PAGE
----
ECS screen cleaner keeps school’s playing fields free of flood debris
A new screen cleaner is helping to protect the environment at one of the country’s oldest schools from the once-frequent impact of flooding. Installed by ECS Engineering over the Daybrook Watercourse that runs alongside the playing fields of Nottingham High School, it prevents weeds and rubbish from building up on a screen restricting access to a culvert.
While the Daybrook is little more than a stream most of the time, in wet weather it can rise rapidly and large amounts of debris often washes into it from upstream of the playing fields. This inevitably collects on the culvert screen at the school’s Valley Road playing fields. In the past this would build up and cause flooding unless cleared manually.
“There was the obvious problem of flooding and its aftermath,” say Mick Smith, the ECS engineer who managed the installation. “However, the Environment Agency, which is responsible for the culvert and screen, was also acutely aware of the health and safety risks relating to manual clearing, particularly in extreme weather. For this reason, it commissioned ECS to design and install a bespoke automated screen cleaner.”
ECS Engineering Services is one of the UK’s leaders in design, engineering and construction projects for the environment, water, energy, processing and manufacturing industries. It offers a wide range of site services, including total project management for mechanical and electrical installations, civil engineering and construction. It is widely recognised for its track record with water management projects, which include major drainage, flood control and coastal defence systems as well as smaller local projects.
Based in Sutton-in-Ashfield, only a dozen miles from Nottingham, ECS was delighted to undertake the project and quickly had surveyors on site to assess the task ahead of them. Measurements were taken and the water flow gauged; the condition of the existing installation was checked and investigations were made into the type and volume of debris that typically washed against the screen during wet weather.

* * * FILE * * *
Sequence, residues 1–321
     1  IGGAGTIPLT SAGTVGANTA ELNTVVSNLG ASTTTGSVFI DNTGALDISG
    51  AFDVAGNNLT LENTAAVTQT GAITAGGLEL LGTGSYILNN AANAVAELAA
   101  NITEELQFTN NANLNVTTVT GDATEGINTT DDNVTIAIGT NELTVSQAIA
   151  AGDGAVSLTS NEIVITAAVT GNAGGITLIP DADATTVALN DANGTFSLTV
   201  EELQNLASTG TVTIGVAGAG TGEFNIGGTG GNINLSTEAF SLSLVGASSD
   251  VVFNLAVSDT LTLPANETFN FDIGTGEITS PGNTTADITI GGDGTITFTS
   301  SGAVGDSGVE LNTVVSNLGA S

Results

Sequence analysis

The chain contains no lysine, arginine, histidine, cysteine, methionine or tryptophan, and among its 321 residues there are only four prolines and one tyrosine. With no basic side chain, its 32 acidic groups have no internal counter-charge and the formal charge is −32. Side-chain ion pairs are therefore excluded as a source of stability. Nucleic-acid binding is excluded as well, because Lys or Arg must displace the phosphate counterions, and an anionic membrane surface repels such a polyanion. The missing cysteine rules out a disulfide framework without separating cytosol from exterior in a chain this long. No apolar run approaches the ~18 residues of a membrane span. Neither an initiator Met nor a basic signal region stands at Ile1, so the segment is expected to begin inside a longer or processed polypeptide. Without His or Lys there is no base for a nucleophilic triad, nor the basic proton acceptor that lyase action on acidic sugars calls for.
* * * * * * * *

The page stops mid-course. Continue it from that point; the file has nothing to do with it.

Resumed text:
Mick recalls: “The culvert and surrounding civil structures were in good condition. This meant we could concentrate on designing a screen cleaner that would make use of the existing structures and therefore not be visually intrusive in the wider landscape.”
It was decided that the actual cleaner would be based on a design in which teeth intermesh with the screen and scrape the weeds and debris upwards. At the top, a hydraulic grab activates to deposit the waste into an adjacent skip where it awaits collection and disposal. In fact, the scraper is half the length of the screen, so works in two strokes, left-side and right-side.
“The half-length design was conceived to control the weight of each individual lift, limiting the load to less than half a tonne, If we’d cleared the whole width of the screen in one sweep the weight contained in the debris could have been considerable, we would have needed a much bigger superstructure.”
It was decided to make the screen cleaner fully automatic and capable of autonomous operation. This was because heavy rain and rising water levels in the Daybrook may happen at night, during weekends or school holidays. Furthermore, winter snow and ice build-up are most likely late at night when temperatures are at their lowest.
To this end, water level sensors were installed either side of the screen, both feeding back to a nearby controller which compares the two signals. If the differential exceeds 30 cm, this indicates a build-up of debris in front of the screen and the scraper is activated. It is conceivable that during extreme winter weather the scraper could be activated multiple times an hour, but the system is designed so that this would not overwhelm it.
The project was completed in three stages. “Last autumn, before the wet weather set in, we put up palisade fencing to secure the site. Then we brought in a three-phase power supply, built a small control kiosk and installed the water level transducers. With these in place Landustrie, our water control partner, delivered the screen cleaner straight to site for a fast and efficient installation and commissioning process.”
The equipment has operated perfectly since installation, including during several sudden storms. The local residents are delighted and the school now knows that its sports fields look every bit as smart as the rest of its prestigious campus.
ECS Engineering Services have completed installing a new screen cleaner at Daybrook Watercourse that runs alongside the playing fields of Nottingham High School.